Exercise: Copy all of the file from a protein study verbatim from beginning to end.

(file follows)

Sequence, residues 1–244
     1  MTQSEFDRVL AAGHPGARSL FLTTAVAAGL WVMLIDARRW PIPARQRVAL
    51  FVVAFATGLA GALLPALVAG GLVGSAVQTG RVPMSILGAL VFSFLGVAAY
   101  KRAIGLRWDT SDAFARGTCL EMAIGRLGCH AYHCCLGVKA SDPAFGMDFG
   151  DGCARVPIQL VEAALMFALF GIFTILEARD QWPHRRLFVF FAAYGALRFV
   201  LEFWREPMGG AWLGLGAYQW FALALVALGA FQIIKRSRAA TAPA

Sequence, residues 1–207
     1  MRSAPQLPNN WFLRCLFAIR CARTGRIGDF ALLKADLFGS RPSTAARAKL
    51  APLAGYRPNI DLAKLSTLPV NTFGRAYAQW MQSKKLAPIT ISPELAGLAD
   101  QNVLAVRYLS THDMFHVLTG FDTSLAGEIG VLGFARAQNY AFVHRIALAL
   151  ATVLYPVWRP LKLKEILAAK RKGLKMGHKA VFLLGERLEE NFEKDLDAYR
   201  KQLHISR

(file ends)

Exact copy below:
Sequence, residues 1–244
     1  MTQSEFDRVL AAGHPGARSL FLTTAVAAGL WVMLIDARRW PIPARQRVAL
    51  FVVAFATGLA GALLPALVAG GLVGSAVQTG RVPMSILGAL VFSFLGVAAY
   101  KRAIGLRWDT SDAFARGTCL EMAIGRLGCH AYHCCLGVKA SDPAFGMDFG
   151  DGCARVPIQL VEAALMFALF GIFTILEARD QWPHRRLFVF FAAYGALRFV
   201  LEFWREPMGG AWLGLGAYQW FALALVALGA FQIIKRSRAA TAPA

Sequence, residues 1–207
     1  MRSAPQLPNN WFLRCLFAIR CARTGRIGDF ALLKADLFGS RPSTAARAKL
    51  APLAGYRPNI DLAKLSTLPV NTFGRAYAQW MQSKKLAPIT ISPELAGLAD
   101  QNVLAVRYLS THDMFHVLTG FDTSLAGEIG VLGFARAQNY AFVHRIALAL
   151  ATVLYPVWRP LKLKEILAAK RKGLKMGHKA VFLLGERLEE NFEKDLDAYR
   201  KQLHISR